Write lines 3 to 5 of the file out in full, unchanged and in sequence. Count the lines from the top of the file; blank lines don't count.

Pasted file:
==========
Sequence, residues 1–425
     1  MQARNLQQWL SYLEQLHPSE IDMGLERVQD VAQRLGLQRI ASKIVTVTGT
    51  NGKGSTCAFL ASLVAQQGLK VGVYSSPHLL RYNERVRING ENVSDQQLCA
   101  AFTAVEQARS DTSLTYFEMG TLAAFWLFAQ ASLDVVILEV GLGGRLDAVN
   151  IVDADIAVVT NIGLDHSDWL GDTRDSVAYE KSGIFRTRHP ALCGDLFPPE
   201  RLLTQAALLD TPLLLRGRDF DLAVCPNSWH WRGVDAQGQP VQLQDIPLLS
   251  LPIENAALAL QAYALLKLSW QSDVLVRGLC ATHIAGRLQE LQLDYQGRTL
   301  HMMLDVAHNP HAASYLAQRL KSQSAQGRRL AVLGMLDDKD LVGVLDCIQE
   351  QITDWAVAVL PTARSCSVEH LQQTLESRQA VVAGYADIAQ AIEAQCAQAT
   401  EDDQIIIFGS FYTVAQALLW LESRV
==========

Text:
    51  NGKGSTCAFL ASLVAQQGLK VGVYSSPHLL RYNERVRING ENVSDQQLCA
   101  AFTAVEQARS DTSLTYFEMG TLAAFWLFAQ ASLDVVILEV GLGGRLDAVN
   151  IVDADIAVVT NIGLDHSDWL GDTRDSVAYE KSGIFRTRHP ALCGDLFPPE